Quantifying protein-folding mechanisms
European scientists are investigating the mechanisms by which proteins fold to form complex configurations using single-molecule experimental techniques.
Proteins are complex three-dimensional (3D) structures formed by chains of amino acids (their primary structure). The chains fold and line up to form sheets or helices (secondary structure) and in more complicated ways to form innumerable geometrical configurations directly related to their eventual functions (tertiary and quaternary structures).
The method by which a protein arrives at its final configuration is thought to be governed by its so-called free-energy landscape. Energy landscape theory states that the primary sequence of a protein defines its free-energy landscape which determines its folding pathway and the rates of folding and unfolding.
The path to a protein's final equilibrium state (as well as the properties of the final state itself) is guided by hills and valleys in the energy landscape.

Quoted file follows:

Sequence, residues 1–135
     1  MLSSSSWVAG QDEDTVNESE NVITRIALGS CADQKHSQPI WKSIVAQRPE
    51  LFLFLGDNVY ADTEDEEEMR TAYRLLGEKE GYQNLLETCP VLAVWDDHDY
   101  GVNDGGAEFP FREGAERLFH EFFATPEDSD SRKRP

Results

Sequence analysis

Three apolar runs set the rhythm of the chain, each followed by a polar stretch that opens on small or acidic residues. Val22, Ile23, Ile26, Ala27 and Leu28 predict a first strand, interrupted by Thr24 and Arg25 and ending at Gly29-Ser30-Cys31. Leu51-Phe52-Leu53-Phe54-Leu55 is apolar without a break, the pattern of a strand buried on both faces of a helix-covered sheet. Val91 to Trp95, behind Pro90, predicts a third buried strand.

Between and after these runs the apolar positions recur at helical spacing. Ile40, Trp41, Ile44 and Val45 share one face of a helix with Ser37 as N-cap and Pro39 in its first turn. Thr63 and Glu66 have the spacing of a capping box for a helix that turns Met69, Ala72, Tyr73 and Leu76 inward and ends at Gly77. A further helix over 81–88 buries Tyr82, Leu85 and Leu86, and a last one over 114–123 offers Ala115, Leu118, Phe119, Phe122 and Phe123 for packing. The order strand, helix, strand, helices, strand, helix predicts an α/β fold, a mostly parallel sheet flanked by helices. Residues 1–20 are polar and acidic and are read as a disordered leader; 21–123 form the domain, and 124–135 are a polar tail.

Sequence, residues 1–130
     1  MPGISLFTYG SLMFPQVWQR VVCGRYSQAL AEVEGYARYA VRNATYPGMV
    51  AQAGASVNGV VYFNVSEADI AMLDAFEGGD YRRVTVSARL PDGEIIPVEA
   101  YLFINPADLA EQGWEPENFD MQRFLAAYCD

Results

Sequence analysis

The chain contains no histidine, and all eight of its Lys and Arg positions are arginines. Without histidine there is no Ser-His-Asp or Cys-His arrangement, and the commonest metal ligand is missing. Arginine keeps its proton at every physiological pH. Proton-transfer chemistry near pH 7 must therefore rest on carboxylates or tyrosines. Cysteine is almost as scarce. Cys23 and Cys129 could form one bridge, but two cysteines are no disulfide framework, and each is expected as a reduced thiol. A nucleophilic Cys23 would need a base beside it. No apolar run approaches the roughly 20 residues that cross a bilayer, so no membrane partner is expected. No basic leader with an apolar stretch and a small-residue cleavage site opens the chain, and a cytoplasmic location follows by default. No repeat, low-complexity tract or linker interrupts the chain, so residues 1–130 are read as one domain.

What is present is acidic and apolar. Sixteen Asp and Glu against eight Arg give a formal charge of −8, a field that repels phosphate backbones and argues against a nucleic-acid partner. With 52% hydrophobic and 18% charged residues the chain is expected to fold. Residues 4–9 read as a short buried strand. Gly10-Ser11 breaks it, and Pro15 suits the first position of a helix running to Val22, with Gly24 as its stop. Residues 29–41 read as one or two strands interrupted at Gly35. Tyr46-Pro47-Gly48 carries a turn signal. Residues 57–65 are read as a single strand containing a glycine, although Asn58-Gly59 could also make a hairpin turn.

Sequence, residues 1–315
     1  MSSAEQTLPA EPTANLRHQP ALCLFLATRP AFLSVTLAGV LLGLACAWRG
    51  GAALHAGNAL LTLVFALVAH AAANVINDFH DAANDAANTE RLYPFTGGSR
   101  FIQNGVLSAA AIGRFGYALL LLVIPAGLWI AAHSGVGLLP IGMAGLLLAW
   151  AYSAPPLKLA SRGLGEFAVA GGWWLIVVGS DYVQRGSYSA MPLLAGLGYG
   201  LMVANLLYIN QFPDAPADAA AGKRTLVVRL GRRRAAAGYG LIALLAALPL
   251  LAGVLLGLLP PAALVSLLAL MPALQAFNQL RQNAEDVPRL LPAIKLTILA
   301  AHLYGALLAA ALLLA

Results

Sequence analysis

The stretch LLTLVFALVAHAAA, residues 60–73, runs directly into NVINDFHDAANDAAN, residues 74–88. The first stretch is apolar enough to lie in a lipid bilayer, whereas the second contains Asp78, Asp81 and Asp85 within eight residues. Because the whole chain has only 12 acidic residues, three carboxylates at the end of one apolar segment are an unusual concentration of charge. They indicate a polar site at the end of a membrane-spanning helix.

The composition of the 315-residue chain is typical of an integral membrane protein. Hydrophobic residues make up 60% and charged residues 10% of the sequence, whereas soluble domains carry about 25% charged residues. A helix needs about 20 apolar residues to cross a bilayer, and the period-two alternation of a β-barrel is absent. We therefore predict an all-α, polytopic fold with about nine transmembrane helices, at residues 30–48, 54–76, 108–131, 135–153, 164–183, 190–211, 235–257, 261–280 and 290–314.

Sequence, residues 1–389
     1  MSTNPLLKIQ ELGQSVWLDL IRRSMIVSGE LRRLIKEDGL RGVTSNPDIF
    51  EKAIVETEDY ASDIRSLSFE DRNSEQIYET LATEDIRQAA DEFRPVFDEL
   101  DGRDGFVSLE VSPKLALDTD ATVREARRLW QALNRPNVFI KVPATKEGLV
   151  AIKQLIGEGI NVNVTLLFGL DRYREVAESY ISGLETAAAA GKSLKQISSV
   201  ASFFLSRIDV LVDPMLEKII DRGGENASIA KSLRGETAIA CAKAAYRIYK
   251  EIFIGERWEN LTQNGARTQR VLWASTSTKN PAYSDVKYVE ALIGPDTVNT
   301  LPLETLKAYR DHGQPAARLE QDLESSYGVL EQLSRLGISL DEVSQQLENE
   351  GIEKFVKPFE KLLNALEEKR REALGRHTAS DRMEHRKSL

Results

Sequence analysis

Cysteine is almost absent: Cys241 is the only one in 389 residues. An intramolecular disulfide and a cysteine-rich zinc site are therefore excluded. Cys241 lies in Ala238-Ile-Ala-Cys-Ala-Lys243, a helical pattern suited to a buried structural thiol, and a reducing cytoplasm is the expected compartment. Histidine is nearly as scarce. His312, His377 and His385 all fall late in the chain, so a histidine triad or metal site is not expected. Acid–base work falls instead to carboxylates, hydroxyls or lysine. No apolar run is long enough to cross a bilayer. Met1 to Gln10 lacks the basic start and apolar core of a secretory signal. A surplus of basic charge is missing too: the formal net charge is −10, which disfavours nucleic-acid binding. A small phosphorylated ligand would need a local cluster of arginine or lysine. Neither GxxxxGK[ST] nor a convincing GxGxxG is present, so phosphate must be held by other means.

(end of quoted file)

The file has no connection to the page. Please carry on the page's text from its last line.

Spectrin is the main component of a protein network that lines the inside surface of red blood cells (erythrocytes) and is thought to be responsible for maintaining their shape (it is cytoskeletal in nature).
It forms a three-helix bundle where the three different domains (R15, R16 and R17) fold to their native conformations at speeds that vary tremendously, despite their apparently identical structures and properties. Evidence points to diversity in energy landscape 'roughness' as an explanation for the different folding rates – slow-folding domains (R16 and R17) have rough landscapes whereas fast-folding R15 has a smooth one.
Present knowledge of energy landscape roughness comes primarily from theory and computer models. European researchers sought to directly investigate the energy landscape of these three spectrin domains.
With funding of the Spectrinroughness project, scientists are employing state-of-the-art single-molecule spectroscopic methods (single-molecule Förster resonance energy transfer, smFRET, and fluorescence correlation spectroscopy, FCS) together with novel mathematical analyses to experimentally quantify energy landscape roughness.
The Spectrinroughness project has already yielded the first measurement on an unfolded native state of certain parameters related to folding. Continued research will no doubt provide novel experimental data and descriptions of energy landscape roughness as well as tools related to and applications of single-molecule biophysics techniques.